I have been arguing for years that loyalty programs have little or no effect on genuine customer loyalty and now there are solid data to support that view. Colloquy, the loyalty marketing publisher and consultancy, recently released the results of a survey of 2500 Canadians consumers who were asked to talk about loyalty programs.
Nearly 50% of the loyalty program members said that special treatment is important to them, yet only 7% said that they get special treatment from their loyalty programs. These numbers are reminiscent of statistics that show that a very large percentage of senior executives feel that they are developing relationships with their customers while single-digit percentages of those same customers believe that anything approaching a relationship exists. Why are executives so out of touch with their customers when it comes to emotional connections?
In Canada, extremely large percentages of consumers are members of some form of loyalty program. The Colloquy research indicated that 87% of those surveyed were active participants in at least one loyalty program. The Canadian numbers are likely driven by the wildly-popular Optimum card from Shoppers Drug Mart, HBC Rewards from the Hudson’s Bay Company, and Air Canada’s Aeroplan frequent-flyer program which now has partners across a wide range of industries.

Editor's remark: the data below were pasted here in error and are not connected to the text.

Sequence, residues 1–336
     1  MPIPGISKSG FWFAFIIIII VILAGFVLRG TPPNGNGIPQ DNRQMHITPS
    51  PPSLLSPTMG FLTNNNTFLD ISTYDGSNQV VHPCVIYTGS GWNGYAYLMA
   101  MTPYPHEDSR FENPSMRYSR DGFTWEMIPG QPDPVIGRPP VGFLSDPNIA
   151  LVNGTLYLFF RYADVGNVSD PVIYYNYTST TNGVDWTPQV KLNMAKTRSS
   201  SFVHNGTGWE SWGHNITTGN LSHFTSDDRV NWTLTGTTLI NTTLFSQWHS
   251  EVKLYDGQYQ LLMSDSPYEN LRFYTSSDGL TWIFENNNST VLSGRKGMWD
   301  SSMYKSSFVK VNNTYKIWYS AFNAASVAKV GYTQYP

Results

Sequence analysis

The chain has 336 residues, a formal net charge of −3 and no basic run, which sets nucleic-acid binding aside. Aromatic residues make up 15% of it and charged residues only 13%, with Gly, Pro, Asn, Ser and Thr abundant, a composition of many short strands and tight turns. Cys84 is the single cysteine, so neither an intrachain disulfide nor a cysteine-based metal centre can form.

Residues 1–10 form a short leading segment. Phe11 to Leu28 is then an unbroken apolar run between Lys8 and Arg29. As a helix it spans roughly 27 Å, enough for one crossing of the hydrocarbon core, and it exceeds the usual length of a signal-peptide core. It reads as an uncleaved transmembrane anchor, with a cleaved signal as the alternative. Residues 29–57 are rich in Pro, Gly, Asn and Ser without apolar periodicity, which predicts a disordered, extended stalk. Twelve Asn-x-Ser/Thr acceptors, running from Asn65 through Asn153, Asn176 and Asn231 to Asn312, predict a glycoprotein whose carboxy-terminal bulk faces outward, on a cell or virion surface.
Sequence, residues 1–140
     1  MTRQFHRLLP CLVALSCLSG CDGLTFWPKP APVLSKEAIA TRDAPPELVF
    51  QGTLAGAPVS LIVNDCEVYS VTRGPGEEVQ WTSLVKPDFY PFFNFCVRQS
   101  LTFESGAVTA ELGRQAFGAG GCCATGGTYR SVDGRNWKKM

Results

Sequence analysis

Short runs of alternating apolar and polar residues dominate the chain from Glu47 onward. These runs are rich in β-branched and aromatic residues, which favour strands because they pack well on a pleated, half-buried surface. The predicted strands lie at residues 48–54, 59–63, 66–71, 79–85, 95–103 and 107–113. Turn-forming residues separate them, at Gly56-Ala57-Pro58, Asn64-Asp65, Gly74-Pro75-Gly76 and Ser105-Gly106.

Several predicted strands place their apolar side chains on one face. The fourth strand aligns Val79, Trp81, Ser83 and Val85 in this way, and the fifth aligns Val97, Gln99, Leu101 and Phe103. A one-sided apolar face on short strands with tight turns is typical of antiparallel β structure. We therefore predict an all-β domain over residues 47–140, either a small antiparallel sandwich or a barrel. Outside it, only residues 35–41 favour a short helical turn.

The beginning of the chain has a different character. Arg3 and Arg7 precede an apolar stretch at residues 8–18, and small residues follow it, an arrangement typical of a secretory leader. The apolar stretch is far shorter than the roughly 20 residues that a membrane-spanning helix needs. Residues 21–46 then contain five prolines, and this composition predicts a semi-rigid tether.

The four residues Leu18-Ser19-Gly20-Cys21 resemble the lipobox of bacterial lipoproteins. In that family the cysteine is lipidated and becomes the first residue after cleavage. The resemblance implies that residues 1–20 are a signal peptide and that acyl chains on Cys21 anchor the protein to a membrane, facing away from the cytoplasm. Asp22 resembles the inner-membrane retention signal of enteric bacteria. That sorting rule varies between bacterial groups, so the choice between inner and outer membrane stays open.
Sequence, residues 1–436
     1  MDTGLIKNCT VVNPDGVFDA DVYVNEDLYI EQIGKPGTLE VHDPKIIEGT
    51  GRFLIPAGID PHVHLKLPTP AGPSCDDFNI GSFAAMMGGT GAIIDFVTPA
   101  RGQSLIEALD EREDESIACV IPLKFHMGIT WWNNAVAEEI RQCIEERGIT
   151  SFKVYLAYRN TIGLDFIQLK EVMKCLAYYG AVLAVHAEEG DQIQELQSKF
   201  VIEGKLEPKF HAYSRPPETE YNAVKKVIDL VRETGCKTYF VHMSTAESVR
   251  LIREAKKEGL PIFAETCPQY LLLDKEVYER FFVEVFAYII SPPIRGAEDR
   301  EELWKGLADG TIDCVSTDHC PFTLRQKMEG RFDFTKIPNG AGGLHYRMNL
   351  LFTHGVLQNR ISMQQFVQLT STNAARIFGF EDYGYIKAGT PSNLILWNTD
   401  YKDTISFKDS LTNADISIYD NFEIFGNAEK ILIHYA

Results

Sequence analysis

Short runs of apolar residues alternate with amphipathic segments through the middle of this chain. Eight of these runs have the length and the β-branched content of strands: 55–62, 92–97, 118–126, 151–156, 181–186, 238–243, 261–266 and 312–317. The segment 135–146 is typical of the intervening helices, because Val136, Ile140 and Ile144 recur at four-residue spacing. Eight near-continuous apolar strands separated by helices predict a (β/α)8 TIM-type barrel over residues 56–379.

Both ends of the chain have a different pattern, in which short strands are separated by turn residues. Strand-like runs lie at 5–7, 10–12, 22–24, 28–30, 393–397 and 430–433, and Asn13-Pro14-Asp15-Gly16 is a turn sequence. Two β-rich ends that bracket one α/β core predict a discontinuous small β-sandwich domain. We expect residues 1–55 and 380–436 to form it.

Research results such as these indicate that consumers perceive a ton of value in loyalty programs and use them often to earn rewards. But, they have precious little to do with loyalty. The best Canadian case in point is Air Canada whose Aeroplan program is extremely popular; far more popular in fact than the airline itself, which seems to be on a single-minded mission to disappoint and frustrate as many customers as it can.
So, don’t confuse loyalty programs with loyalty. At the end of the day, these programs drive short-term behavior, not loyalty. Most customers are in it for the points and the rewards that come with them, not because they hold the company in especially high regard.
Do loyalty programs influence customer behavior? Of course they do. But, if you are looking to build long-term customer loyalty, the kind of loyalty that is grounded in an emotional connection, don’t go running off to start a loyalty program. That’s trailing-edge thinking. These programs have been around so long that they are no longer novel.
The special treatment that customers crave and that they don’t get from loyalty programs will have to come from a concerted effort on your part to treat customers well, to demonstrate your interest in them, and to create opportunities for meaningful interaction.